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Class of 2010 - A Little Love for the Class of 2011 (Wisdom? Advice?)

Discussion in 'Pre-Medical - MD' started by LabMonster, Aug 2, 2006.

  1. LabMonster

    LabMonster Clinically relevant.
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    Some of us have started classes already - and some of us still look around here in pre-allo because we can hardly believe where we are, where we came from, and the questions we asked. ;) Like anything else, once you're involved, you have a much better idea of what the hell is actually going on.

    I'm hoping people will add what you can expect the first week or two of medical school - simply because it still seems shrouded in darkness (I had no idea...) Maybe people have great ideas for an interview, AMCAS, whatever... SDN is supposed to be a resource - lets use it. :cool:

    Add some wisdom 2010 - remember where you were a year ago.


    First - the waiting is terrible if you make it so. I planned on not getting in, but now I'm innundated with gross, histo, embryo, etc, etc - but the backup plan gave me some terra firma to anchor to. :thumbup:

    Second - an acceptance is a great thing, a great high - for you and your loved ones. When you're like me, and hoped the ADCOM would see through a crappy initial GPA, there is nothing like it; after all, they saw through the paper trail to who you are NOW and who you will be as a physician.

    Third - We had a great time during orientation week - most of us were partied out, but really enjoyed meeting classmates - future colleagues and friends!

    Fourth - Yes school is hard, yes you need to study (a lot), but you signed up for it, remember ;) - Oh yeah, it's pretty much the coolest thing I've ever done. (Well coolest long term training program :laugh: )

    Good luck - hope to see you all around. :)
     
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  3. LabMonster

    LabMonster Clinically relevant.
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    Right.

    No help - GO PRE-MED FORUMS!

    We're all working our collective asses off for exams, but come on...

    I bumped this so some fine MS1 could lend their quality advice to the pre-med forum, alas, they are all buried in gross...

    Yes, there is an insane amount of work, and yes it escalates and it's exhausting. But it's fun.

    Hey - for your interviews, be yourselves. Don't pretend to be something you're not. Be yourself - you haven't gotten this far because you're an idiot - but show them you're a person, and an intelligent caring one at that. Also - the interview doesn't stop when you leave the interview room...
     
  4. DoctorPardi

    DoctorPardi In Memory of Riley Jane
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    Labmonster, how many hours a day do you think you're spending on "medical school" right now?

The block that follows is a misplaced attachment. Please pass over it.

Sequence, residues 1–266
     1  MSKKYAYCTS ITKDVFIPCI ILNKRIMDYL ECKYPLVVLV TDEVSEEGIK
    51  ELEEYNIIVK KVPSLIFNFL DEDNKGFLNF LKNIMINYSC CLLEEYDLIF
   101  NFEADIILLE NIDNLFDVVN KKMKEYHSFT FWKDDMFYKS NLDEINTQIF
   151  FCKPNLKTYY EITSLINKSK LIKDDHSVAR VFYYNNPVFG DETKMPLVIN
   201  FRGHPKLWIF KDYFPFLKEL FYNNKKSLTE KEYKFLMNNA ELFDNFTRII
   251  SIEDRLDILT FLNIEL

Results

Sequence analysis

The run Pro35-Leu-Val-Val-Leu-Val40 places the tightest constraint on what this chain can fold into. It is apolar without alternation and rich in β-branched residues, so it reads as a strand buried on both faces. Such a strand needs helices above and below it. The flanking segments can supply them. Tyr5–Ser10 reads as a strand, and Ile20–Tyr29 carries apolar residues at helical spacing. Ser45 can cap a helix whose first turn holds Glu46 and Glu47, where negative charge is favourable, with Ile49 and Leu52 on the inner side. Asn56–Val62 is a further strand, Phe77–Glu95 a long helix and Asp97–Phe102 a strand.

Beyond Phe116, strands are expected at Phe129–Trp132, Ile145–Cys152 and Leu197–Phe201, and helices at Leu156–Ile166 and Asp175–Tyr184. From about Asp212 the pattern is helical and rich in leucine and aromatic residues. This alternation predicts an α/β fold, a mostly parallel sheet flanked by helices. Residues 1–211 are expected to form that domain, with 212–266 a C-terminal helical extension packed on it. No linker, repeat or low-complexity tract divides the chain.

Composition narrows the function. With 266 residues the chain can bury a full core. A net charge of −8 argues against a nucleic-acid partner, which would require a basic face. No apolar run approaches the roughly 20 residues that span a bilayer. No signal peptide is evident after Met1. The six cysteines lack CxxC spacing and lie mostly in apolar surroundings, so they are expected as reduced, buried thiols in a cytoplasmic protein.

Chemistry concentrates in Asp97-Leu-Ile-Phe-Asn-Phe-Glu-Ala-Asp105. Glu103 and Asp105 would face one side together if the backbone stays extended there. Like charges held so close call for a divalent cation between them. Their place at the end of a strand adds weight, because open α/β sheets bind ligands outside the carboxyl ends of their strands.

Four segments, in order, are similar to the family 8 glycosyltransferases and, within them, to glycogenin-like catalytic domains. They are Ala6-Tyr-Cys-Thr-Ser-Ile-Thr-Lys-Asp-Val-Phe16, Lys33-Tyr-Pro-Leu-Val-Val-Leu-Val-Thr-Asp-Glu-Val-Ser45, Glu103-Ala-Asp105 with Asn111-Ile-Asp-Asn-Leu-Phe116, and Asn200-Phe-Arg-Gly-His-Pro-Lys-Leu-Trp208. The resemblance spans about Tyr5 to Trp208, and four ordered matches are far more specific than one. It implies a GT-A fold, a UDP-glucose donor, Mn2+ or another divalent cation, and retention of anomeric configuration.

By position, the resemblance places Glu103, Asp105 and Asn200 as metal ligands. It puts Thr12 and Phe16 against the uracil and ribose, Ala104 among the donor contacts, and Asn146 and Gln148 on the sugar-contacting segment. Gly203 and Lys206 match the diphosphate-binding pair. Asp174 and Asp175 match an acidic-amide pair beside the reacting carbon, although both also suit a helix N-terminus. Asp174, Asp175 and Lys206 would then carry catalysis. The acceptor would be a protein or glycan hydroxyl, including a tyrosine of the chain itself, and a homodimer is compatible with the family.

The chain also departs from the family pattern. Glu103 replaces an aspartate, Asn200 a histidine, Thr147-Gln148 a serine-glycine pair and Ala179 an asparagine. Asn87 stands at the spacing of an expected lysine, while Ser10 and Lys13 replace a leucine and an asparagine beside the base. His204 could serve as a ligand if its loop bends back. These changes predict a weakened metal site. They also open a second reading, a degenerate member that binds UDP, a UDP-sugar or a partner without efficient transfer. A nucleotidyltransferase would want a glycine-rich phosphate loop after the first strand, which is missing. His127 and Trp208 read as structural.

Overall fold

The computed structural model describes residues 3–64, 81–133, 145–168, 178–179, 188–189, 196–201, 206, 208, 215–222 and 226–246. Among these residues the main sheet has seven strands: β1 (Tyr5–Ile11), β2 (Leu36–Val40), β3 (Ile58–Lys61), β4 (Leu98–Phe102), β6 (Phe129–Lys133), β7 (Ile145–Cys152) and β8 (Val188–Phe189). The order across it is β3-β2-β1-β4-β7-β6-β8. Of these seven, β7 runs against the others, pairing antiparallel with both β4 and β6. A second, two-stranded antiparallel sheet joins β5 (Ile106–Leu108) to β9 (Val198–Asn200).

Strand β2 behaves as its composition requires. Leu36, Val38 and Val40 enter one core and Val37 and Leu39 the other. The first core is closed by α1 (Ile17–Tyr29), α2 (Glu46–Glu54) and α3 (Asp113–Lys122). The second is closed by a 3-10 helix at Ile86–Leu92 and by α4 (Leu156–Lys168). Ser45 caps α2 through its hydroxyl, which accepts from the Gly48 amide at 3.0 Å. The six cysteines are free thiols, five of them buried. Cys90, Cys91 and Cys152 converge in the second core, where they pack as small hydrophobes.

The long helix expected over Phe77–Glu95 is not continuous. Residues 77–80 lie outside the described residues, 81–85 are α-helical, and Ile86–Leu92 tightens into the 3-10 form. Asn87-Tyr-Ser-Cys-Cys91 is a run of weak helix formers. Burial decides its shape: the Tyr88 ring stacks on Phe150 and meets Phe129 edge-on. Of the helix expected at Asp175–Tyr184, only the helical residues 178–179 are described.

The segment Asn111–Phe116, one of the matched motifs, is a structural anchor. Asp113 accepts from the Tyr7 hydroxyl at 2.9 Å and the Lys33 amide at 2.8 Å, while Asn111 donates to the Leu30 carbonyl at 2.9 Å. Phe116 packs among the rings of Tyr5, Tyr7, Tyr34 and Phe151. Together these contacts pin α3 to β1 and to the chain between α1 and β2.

Also have you lost the "OMG I AM A MED STUDENT" feeling yet?
     
  5. g3pro

    g3pro Dr. Mogley
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    You don't think that people can see through your pre-med bulls*** (stocking bedsheets as "clinical experience", cleaning dishes in lab as "research", secretary of the premed club as "leadership"), but trust me, ADCOMs see it and they smell it. Please, don't even think about writing "I went to the hospital when I was 13, and that changed my life forever" for your personal statement.

    Enough with the crap. Be authentic. Be yourself. If you are out to impress someone, you'll just appear self-centered and phony.


    (and your fellow med students will hate you if by chance you slip through the net.)
     
  6. LabMonster

    LabMonster Clinically relevant.
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    No - I haven't lost that feeling yet ;)

    Day to day, our classes change, so actual contact hours vary - but realize it is "supposed" to be a 22 credit semester. You just have to budget your time. As one of my AWESOME instructors put it "From here on out, you will never know everything, and you won't get every question on an exam right."

    What does that mean? It means you will study a lot, or not at all, and if you pass you will continue your education. Learning styles vary, but there is A LOT to know about the human body and what can go wrong with it. Trust me, the time goes too fast, because you are always having fun! There are subjects you may not like as much as the next, but you still love learning everything.
     
  7. DoctorPardi

    DoctorPardi In Memory of Riley Jane
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    I really look forward to the learning. Currently classes touch on medicine some and those are always my favorite parts, but having an entire education process devoted to medicine is going to be amazing.

    Also I think I will have more time in med school. I will not be working, and I'll probably live right near campus, so I will not be commuting so much (I commute 2 hours a day on days I work and go to school).
     
  8. LabMonster

    LabMonster Clinically relevant.
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    You're right - it is. Keep your perspective. :)
     
  9. LabMonster

    LabMonster Clinically relevant.
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    'Nuff said.
     
  10. avenue

    avenue Partying like a rockstar.
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    finnally a good topic.
     
  11. 45408

    45408 aw buddy
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    Monster, tell that big tall bald Russian to relax and enjoy the weather ;)
     
  12. LabMonster

    LabMonster Clinically relevant.
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    :laugh:

    We don't seem to get outside much...

    How is MCW?
     
  13. 45408

    45408 aw buddy
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    cool class, it seems. I was in the library for like five hours today. Second day of class.
     
  14. MollyMalone

    MollyMalone I'm a Score Quadruplet
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    I look forward to adding my two cents once I've actually started. :)
     
  15. lilnoelle

    Moderator Emeritus 7+ Year Member

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    haha, I don't think I can give any advice until I do decently on an exam... I'm just hoping to pass the first, so maybe I can give some advice after christmas break.